It’s the story, stupid – how I learned to love the new sculpt era again

It started with an interesting website article that was posted by a friend of mine a short while ago.  An opinion piece from Toy News Online which mentioned the need for narrative stories in children’s toys today.  I know us collectors don’t like to think of what we buy as “children’s toys” but at the core of our consciousness, I think we all understand that’s where this journey began.

Over the past few years, Hasbro has been producing some of the best toys they have made in a very, very long time…if not ever.  Using amazing inspiration from past G.I. Joe toys, other 80′s influences, and lots of great modern military equipment, the G.I. Joe team of 2010 – 2013 is an amazing collection of fantastically articulated, amazingly produced toys.

There’s only one problem…  who are these guys?  Who are they fighting?  Why are they fighting?  Why is Destro, who typically is a behind-the-scenes guy, strapping on a thick armored body suit and jumping into the action with a chain gun?  Why is Cobra Commander now wearing a skull mask and metal chest plate?  Does this story take place after the Rise of Cobra, or have we spun out into yet another universe.  I’ve been somewhat surprised to see that other collectors don’t seem to be curious about these things.  Sure, I might get flak for not having enough “imagination” but at some point I think a narrative voice is necessary to breath life into these characters.  If not necessary, it sure as hell helps.

Click the Read the Rest of the Story link below for the full article.

Without a narrative, how do you appreciate and enjoy new characters?  Simply based on how they look?  What is Shadow Tracker’s deal?  Where did Skydive get his crazy ass jetpack?  For crying out loud where did the Zombie-Vipers come from?!?

Yes, I get too wrapped up in this sometimes.

I mentioned that the online article was the initial nexus for writing this article, but I didn’t mention the second…  it was my toy room.  Folks who have been visiting the site have likely read my Evolution of a Toy Room feature (which should be getting another update very shortly), so you know that I’m setting up a toy room in my new house, and part of that involves unpacking toys I haven’t really seen in a while.  And yes, that includes the infamous “new sculpt era” stuff.  Fraught with sculpting weirdness, proportions that were all over the place, a bizarre smashing together of 80′s military homages and almost comic book super hero craziness.  Looking at them purely from a toy perspective, it’s hard to even put them in the same category as the toys we’ve gotten over the past couple of years.  Strange construction and articulation inconsistencies plagued the line, but to this day the “new sculpt era” had something that G.I. Joe has been lacking over the past years since (perhaps with the exception of Sigma 6).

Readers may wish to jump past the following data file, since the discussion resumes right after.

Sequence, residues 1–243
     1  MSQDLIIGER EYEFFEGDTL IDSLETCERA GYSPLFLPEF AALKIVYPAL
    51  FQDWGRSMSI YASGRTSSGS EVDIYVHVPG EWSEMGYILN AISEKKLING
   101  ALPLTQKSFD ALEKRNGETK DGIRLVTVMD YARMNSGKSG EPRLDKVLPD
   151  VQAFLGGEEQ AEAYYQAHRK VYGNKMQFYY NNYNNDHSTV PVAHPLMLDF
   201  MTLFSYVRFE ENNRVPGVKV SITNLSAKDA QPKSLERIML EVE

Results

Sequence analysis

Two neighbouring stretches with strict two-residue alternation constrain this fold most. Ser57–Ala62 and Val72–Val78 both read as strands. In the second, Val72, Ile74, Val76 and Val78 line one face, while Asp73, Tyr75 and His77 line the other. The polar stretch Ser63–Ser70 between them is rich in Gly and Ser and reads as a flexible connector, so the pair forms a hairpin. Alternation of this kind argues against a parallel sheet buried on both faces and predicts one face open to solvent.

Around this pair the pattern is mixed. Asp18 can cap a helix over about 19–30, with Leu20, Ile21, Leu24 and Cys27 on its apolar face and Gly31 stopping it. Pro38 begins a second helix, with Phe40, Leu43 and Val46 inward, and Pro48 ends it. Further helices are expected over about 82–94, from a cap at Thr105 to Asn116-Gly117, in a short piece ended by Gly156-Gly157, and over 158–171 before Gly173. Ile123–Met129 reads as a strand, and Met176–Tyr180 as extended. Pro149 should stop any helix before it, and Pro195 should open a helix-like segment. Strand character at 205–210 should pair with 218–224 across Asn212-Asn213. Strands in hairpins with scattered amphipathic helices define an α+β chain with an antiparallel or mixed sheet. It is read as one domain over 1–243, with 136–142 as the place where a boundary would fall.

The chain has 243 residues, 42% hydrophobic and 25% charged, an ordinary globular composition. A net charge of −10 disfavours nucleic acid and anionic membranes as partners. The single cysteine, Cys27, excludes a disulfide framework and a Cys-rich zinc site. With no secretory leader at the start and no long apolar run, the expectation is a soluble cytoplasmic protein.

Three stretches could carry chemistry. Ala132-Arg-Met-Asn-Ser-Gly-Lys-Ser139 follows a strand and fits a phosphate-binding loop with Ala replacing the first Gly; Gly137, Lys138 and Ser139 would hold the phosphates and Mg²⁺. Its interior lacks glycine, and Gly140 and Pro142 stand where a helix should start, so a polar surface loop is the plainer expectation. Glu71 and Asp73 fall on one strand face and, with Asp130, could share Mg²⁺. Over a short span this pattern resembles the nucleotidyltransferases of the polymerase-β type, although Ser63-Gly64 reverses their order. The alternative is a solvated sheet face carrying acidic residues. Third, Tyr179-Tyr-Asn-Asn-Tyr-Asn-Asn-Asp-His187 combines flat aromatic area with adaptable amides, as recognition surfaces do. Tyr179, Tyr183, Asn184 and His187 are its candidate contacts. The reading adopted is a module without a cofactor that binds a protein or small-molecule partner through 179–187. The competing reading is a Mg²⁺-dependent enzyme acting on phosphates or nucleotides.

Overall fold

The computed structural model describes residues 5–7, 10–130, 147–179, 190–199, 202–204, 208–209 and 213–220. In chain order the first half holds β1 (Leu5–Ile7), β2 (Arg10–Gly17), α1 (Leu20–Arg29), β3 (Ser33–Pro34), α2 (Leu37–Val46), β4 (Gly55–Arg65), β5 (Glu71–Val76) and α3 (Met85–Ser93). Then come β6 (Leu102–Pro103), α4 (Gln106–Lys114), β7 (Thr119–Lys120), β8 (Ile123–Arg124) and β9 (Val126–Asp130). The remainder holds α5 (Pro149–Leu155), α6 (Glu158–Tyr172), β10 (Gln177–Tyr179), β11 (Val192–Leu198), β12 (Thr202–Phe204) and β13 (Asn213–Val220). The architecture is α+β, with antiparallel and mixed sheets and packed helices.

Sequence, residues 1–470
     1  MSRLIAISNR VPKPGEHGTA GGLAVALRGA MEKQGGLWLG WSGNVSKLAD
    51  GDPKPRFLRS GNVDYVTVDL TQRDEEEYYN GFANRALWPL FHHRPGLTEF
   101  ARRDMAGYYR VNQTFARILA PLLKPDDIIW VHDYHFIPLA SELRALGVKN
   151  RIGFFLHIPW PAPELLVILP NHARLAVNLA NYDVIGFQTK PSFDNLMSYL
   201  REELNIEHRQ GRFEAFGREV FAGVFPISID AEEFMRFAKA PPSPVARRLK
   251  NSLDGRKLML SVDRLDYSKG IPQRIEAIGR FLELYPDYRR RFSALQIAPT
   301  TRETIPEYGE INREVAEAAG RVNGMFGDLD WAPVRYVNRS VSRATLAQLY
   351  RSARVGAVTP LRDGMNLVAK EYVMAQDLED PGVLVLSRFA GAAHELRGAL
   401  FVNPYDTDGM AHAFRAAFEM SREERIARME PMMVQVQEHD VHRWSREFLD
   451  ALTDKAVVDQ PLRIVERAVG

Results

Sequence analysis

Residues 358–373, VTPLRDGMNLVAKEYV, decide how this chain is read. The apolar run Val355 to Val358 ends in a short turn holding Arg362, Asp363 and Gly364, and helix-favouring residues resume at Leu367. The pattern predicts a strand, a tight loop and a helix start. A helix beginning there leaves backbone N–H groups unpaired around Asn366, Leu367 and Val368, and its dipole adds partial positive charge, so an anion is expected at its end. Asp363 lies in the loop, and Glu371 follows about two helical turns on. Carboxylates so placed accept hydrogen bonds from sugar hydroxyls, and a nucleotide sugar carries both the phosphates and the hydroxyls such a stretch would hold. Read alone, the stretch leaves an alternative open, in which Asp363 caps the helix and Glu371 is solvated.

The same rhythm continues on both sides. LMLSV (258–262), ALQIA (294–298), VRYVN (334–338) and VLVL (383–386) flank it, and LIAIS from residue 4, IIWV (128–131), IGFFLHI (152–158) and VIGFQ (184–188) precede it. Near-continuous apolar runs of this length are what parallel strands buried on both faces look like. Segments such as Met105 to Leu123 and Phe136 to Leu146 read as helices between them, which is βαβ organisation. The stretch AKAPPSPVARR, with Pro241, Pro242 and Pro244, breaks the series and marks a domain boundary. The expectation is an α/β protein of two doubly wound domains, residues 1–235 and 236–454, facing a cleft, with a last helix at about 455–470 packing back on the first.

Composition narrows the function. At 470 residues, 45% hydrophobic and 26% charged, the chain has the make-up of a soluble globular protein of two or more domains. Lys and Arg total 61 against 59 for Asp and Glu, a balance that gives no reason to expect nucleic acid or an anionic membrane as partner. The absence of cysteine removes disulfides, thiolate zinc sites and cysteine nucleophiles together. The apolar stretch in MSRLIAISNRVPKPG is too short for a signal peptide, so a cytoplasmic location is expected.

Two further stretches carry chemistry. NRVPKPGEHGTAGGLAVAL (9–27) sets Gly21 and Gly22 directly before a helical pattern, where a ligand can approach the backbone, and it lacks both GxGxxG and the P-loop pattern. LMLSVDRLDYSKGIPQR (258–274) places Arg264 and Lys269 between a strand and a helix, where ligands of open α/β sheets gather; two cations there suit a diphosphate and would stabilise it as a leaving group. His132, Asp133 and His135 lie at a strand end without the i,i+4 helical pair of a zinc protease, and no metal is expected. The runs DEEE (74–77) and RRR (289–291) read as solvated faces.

A fantastic, outrageous, toy-based story.

Sure, we had G.I. Joe: The Rise of Cobra, we had G.I. Joe: Resolute, and we had G.I. Joe: Renegades, but those all leaned heavily on pre-established media events…with the new sculpt toys, the toys drove the story, not the other way around.  Whether by filecards, the Devils’ Due comic books, or direct to DVD animated features the toys built a G.I. Joe universe simply by virtue of being fun toys, not because they had to capitalize off of a mass media event.  Where we get a strange looking Cobra hunter in the form of Shadow Tracker, with no idea who he is, in 2004, we got Venomous Maximus, who we learned very quickly was captured G.I. Joe General Hawk, “venomized” and converted to a Cobra super soldier.  Call me crazy, and even considering how silly that story might seem, it added some depth to the character that he became all the more cooler to me, just knowing his back story.  Potentially crappy toys like the Tigerhawk Jet and the Night Adder fighter were made cool, and a totally random new character like Dr. Link Talbot, instantly became a credible piece of the G.I. Joe roster.  Even going back to Spy Troops, we got introduced to Agent Faces…having a story to tell immediately gives Hasbro a reason to bring us new characters.